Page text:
• Overlay Hinges: Slightly more complex hinges used for aesthetic purposes to open cabinet doors wide but also ensuring they close efficiently enough to be flat against their surface.
  • Concealed Hinges – Designed to be hidden from view for aesthetic purposes. Normally used in fold-out furniture.
  • Offset Hinges – A slightly L-shaped hinge that folds in on itself to create more of an opening in a doorframe when open and sealed shut when closed.
  • Piano Hinges – Longer, thinner hinges seen on pianos, toy chests, and other storage means.
  • Reversible Hinges – More articulated hinge types used in batwing doors, cat flaps, etc.

Just like selecting the right kind of screws or tools for the job, knowing what kind of hinge you need and ensuring you use could be the difference between a successful print and a complete failure.

Measure and Re-Measure

Hinges, like any mechanical part, need to be as accurate as possible to work efficiently and safely. An improperly measured hinge will grind against itself and soon break, which is dangerous if used on something like an overhead cupboard or a door.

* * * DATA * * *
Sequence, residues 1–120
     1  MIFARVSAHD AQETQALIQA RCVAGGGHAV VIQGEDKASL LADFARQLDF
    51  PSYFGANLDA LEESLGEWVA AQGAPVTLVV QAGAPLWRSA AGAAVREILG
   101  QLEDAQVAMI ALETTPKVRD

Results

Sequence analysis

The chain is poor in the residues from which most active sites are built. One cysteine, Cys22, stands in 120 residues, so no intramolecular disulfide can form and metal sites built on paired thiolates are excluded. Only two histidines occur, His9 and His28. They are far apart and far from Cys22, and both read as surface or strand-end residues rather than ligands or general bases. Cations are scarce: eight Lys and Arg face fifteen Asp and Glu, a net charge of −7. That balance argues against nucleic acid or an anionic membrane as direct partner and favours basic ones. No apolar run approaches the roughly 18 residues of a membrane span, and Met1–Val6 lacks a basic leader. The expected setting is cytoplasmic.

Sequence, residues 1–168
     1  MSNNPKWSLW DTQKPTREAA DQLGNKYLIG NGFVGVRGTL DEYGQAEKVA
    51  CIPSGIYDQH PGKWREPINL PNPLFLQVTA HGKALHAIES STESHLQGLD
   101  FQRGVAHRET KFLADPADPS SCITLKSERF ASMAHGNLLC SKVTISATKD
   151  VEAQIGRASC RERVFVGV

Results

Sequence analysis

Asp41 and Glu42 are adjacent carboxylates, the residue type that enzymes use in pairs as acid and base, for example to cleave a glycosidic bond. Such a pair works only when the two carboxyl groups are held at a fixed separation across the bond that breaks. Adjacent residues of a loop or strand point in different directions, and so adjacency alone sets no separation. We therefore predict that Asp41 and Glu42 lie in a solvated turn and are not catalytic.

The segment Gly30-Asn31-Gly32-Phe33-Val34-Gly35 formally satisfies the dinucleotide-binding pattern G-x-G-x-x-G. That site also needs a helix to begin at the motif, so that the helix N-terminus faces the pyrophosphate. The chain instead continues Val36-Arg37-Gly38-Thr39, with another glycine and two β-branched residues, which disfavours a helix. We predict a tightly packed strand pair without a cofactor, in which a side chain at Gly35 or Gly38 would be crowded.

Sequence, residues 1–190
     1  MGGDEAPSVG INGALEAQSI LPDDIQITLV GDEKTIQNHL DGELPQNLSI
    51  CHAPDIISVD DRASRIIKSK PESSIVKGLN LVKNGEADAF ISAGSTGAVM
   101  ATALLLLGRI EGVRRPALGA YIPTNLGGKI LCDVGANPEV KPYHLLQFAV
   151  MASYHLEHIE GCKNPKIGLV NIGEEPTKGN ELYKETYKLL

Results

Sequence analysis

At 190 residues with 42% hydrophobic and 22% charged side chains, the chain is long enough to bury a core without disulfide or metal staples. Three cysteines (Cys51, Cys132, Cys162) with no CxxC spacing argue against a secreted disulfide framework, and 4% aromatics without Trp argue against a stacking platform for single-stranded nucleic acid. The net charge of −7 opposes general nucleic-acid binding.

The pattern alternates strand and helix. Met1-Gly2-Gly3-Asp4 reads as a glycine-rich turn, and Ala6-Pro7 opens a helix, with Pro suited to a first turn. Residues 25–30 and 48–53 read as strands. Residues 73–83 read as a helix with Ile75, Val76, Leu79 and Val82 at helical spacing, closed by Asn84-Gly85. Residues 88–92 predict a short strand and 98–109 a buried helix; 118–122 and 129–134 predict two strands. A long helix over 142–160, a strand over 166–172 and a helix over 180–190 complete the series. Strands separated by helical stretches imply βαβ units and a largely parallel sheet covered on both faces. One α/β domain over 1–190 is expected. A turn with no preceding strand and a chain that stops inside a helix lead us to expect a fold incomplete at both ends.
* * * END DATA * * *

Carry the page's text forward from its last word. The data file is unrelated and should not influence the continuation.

To avoid such dangers, it’s important to always double-check your measurements and test your hinges thoroughly before putting them to use. This can be done in your CAD software if it features the ability to actively simulate moving parts.

How to Make a 3D Printed Hinge

Even after printing, you should test the hinge practically. This can be done simply with your hands, moving the hinge open and closed and making sure it stays sturdy through use and doesn’t bump or grind against itself.

Ensuring your printer’s dimensional accuracy is equally important for such precise parts, and you can find out how to shore it up in our detailed guide here.

Make Sure Your Filament Is In Good Condition

Not only do 3D printer filaments have a shelf life, they’re also vulnerable to the elements, mainly airborne moisture.

If your filament has absorbed too much of this moisture, it will become wet and less reliable. If you don’t catch one of the many problems this can cause, then you’ll end up with a weaker hinge that could prove unsafe in application.

Be Mindful of What Filament You’re Using

Not only can damaged or wet filament be detrimental to your project, the filament you’re using should also be strong enough to support whatever structure you’re building.

Filaments like PLA may not be strong enough to handle doors or particularly heavy cupboards, so you should consider switching to a tougher filament like Nylon to maximize safety and reliability.

Reversable 2

Making sure you’re using the right filament for the job is good advice regardless of what you’re printing.